The Adobe logo is displayed on the side of the Adobe Systems headquarters January 15, 2010 in San Jose, California. Adobe Systems has added 20 new wind turbines to their rooftops in an attempt to harness wind energy to help power their offices.
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August 10, 2015 11:21 AM EDT

Software maker Adobe Systems is the latest tech firm to expand its family leave programs, a move that comes after Netflix and Microsoft made similar changes.

Among other tweaks, Adobe is now offering up to 26 weeks of paid time off for new mothers through a combination of medical and parental leave. Adobe previously allowed between eight and 26 weeks of time, depending on location.

Adobe is additionally promising 16 weeks of paid time off for primary caregivers. That’s an increase from the company’s prior benefit of up to 12 weeks of time off, with two weeks of it paid.

The company’s new leave programs go into effect November 1 for full-time workers in the U.S.

“Our employees are our intellectual property and our future,” said Donna Morris, senior vice president People & Places, Adobe. “The investment is unquestionably worth it.”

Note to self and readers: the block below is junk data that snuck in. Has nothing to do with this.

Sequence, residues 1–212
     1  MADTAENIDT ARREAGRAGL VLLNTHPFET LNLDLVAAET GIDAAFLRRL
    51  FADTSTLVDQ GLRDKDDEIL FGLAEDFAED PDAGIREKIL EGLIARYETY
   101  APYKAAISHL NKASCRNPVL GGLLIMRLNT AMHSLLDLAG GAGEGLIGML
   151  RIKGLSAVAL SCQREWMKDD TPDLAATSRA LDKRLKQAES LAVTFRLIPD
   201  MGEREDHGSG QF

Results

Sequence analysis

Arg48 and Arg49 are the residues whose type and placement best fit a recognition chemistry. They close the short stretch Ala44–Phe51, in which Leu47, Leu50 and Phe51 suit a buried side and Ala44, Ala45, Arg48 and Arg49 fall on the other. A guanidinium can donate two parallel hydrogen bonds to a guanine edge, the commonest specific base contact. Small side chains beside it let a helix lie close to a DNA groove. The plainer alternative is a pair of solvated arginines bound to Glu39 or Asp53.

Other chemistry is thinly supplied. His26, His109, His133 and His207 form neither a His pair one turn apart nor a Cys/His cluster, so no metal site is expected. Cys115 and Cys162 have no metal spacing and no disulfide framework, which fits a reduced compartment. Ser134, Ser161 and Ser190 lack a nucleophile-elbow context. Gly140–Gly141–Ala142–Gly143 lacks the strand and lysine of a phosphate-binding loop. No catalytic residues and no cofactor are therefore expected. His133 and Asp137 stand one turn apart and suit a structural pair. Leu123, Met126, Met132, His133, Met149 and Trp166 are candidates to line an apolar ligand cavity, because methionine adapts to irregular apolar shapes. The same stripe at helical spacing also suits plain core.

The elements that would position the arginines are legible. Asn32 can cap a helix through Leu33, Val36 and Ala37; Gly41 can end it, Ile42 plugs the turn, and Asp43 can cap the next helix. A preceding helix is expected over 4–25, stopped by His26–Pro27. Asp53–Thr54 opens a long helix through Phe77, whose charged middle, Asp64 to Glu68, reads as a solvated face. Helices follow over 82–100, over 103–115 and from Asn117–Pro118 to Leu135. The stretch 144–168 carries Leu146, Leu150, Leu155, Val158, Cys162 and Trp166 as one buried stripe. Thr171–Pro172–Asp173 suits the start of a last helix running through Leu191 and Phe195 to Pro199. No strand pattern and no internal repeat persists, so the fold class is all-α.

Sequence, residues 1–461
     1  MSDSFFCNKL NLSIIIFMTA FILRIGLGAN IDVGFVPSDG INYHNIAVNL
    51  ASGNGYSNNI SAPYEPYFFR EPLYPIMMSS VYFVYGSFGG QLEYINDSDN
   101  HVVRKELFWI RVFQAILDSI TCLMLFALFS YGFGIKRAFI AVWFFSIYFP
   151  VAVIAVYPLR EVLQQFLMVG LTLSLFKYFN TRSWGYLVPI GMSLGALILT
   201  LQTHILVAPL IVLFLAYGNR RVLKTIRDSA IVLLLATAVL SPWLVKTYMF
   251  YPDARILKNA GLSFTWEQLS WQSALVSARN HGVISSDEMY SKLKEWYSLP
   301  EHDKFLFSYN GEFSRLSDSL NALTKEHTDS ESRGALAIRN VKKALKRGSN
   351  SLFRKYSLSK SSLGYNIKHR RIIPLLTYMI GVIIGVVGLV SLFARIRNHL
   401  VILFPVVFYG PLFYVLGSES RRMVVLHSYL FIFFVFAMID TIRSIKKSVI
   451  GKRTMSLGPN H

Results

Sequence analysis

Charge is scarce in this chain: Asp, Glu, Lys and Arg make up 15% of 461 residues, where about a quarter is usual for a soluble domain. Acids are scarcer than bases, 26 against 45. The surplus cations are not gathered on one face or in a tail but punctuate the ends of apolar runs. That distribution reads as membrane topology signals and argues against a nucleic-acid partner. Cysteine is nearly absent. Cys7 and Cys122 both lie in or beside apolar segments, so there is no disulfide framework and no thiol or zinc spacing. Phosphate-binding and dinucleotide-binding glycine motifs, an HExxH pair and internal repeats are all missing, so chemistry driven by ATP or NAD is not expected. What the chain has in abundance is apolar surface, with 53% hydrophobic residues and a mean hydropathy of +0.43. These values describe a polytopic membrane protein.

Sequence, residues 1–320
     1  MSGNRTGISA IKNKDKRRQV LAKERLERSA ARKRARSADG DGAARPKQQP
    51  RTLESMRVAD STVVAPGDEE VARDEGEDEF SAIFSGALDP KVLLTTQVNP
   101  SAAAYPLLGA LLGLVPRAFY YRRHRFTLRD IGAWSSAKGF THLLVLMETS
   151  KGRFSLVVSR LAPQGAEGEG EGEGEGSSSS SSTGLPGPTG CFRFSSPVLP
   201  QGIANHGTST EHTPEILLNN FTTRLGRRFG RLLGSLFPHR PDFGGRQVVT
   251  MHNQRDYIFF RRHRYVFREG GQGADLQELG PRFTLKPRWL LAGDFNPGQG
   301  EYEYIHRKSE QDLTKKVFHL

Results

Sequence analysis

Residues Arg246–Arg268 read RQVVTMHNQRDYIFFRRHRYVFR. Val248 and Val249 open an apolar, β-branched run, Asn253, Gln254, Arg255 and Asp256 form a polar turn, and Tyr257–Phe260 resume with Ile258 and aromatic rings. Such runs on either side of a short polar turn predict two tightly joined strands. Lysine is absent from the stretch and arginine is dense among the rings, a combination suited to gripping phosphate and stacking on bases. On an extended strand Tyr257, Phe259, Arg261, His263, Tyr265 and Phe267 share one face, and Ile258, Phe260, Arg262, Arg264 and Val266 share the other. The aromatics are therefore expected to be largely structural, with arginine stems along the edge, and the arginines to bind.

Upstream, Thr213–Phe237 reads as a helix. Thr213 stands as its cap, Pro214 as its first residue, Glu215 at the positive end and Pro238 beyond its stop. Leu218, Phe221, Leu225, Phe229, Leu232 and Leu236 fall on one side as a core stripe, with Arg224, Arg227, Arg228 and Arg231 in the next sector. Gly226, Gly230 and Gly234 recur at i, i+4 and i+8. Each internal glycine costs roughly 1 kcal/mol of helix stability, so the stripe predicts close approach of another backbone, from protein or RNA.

The changes at Adobe and other technology companies may reflect changing social attitudes around parental leave, especially for fathers. While nine out of ten American fathers take some time off work for the birth or adoption of a child, Labor Department survey data found 70% of fathers take 10 days of leave or less. And because many families can’t afford to take unpaid time off, many families are restricted by just how generous their employers are when it comes to paid leave.

Earlier this month, Netflix announced it would allow employees to take unlimited maternity or paternity leave during the first year after their child’s birth or adoption. A day later, Microsoft followed suit by also extending its paternal leave offerings.

And while the Netflix offer in particular looks generous — especially considering the U.S. doesn’t require employers to offer paid leave to new parents — Fortune noted that open-ended time-off options often leaves employees confused and possibly at risk of being passed over for promotions.

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